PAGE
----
“I was so energized after meeting you,” she wrote, “that I went home and found your site. I stayed up late last night reading and was up early this morning to pray, read the Word and do some yoga stretches before breakfast. I’m back on track now with my bag of fresh fruits and veggies. I don’t know what is right or wrong about this, but I feel happy and energized.”

Anna found something in my story that she could relate to. It gave her hope that her own journey to health and well-being was do-able and what she was up against was not insurmountable.

“I honestly feel you participated in a divine appointment,” she continued. “While reading your bio I couldn’t believe how I am right where you were physically, mentally and emotionally when you were my age. Thank you for the work you have done to improve yourself. That investment has now been passed on to another woman who is making the decision to honor herself.”

I don’t know if Anna will keep reading or if what she received at that moment was enough. I do know that God has sent people into my life at just the right time to look after me. There’s a lot of Annas in the world -- I know because I’ve been one. I’ve been uncertain, unmotivated and uninspired and there has been someone there to encourage me, to tell me that life is always a choice and to help me get up and move forward. Who are the Annas in your life? What part of your story is it that they need to hear? I encourage you to be bold with the lessons life has taught you. You never know who might be listening.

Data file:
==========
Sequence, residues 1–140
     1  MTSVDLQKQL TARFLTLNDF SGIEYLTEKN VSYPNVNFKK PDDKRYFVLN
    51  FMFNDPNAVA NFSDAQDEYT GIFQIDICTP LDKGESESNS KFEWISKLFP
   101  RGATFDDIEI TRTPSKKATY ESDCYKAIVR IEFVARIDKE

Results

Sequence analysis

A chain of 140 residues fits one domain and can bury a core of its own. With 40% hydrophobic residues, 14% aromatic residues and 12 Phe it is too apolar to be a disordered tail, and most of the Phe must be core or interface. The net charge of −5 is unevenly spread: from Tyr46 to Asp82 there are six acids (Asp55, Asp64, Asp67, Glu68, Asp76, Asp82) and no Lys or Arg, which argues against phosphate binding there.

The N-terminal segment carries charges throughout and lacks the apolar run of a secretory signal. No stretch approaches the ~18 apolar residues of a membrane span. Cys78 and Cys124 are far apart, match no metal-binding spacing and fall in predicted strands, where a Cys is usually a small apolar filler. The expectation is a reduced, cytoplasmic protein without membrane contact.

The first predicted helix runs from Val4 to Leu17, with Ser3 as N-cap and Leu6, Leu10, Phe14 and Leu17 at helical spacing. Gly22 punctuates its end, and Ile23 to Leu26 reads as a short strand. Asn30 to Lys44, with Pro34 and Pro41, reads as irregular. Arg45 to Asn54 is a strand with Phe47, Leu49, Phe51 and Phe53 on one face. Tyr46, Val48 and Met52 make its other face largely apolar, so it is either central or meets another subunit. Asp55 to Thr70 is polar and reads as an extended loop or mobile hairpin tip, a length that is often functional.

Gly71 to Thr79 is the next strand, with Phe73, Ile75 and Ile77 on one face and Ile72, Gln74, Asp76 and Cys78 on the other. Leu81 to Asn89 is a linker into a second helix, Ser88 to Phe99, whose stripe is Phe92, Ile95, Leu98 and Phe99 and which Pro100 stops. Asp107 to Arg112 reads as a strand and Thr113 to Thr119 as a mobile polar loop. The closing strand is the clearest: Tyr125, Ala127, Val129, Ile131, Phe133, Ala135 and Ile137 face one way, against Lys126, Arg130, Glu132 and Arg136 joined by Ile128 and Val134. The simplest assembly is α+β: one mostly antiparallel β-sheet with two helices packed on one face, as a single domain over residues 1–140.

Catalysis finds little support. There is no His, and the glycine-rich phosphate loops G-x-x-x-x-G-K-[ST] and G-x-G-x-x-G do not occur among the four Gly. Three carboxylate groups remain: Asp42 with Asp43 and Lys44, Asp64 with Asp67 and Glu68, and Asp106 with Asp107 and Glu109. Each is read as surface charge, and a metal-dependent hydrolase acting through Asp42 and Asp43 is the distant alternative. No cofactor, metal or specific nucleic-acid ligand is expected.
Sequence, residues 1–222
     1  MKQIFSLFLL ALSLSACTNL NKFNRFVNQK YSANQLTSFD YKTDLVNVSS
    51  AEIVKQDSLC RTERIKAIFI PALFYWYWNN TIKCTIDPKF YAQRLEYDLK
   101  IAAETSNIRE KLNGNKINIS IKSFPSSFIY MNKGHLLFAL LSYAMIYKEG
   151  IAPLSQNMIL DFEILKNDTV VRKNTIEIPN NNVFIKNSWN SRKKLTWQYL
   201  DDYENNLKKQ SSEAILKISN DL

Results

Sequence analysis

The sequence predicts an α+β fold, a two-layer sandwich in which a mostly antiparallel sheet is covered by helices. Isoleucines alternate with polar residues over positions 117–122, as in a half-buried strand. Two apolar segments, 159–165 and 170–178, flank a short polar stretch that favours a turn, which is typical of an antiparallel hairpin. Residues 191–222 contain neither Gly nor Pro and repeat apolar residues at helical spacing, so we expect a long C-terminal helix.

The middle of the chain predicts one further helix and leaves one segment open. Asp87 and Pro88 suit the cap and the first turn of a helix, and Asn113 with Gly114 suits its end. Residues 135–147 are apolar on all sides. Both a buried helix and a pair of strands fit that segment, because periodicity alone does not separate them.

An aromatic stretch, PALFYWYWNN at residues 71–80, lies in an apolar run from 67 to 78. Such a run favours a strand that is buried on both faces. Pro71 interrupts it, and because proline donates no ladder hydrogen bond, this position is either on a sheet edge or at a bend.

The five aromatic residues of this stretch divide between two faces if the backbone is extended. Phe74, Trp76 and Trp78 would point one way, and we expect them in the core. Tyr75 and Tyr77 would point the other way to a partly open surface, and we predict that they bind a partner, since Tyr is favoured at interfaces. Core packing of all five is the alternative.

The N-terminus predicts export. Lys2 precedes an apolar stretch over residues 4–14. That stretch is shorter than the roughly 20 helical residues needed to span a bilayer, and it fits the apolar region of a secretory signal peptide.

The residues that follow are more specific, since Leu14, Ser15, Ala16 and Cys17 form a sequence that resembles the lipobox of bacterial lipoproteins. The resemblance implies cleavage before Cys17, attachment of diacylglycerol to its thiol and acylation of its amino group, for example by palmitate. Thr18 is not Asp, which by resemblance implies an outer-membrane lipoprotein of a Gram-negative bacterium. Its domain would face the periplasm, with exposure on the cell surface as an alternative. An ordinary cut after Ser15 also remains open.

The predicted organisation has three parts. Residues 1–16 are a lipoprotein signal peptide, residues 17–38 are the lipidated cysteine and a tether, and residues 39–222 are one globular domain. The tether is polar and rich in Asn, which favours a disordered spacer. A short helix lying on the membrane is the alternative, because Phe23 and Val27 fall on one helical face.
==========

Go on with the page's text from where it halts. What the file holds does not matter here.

Tuesday, May 8, 2012

Integrity: Who you are when no one is looking

How far would you be willing to go to keep your word? Would you honor a commitment even if it hurt? What about if no one but you would ever be the wiser? I always thought I had the question of integrity answered but a recent promise to deliver a discount to one of my diamond clients had me second-guessing my good intentions...if only for a moment.

Here’s how the dilemma came about. Seldom do I receive an additional discount from this one particular vendor I purchase stones from; the standard discount for the type of diamond this customer was purchasing would be about $500. In my mind, that was the savings I had promised to pass on and only if I received it. I did make it clear that that additional discount rarely happens.  However, when my vendor came back with a $4,000 discount I faced a huge battle of conscience. The struggle was between keeping my promise to pass on whatever discount I received or pocketing the profit and giving my client the expected amount. In the end, I passed on the full savings to a very grateful and pleasantly surprised customer. He got more than he expected that day and I guess you could say I did too.

It seems like an easy thing to say you are a person of your word -- but what if keeping it comes at a cost? Better yet, what if no one would ever know the difference? This instance gave me pause for thought. I had been raised with a great work ethic and a very uncompromising sense of right and wrong but in the business world is wrong always wrong? Turns out it really is.

Remember the days when a handshake was as binding as a contract? When was the last time you “shook on it” to close the deal? I do it all the time. I admit, it’s an old-fashion way of living but if you are who you say you are, your word is all the promise anyone will ever need. Consider for a moment your own reputation. Do you show up on time and deliver what’s expected? Do you own up to your mistakes and refund when someone overpays? Do you treat your clients, and your employees, with respect and honor? Integrity may seem like something of the past, but when you live your life in pursuit of it, it pays back in immeasurable ways. Try it!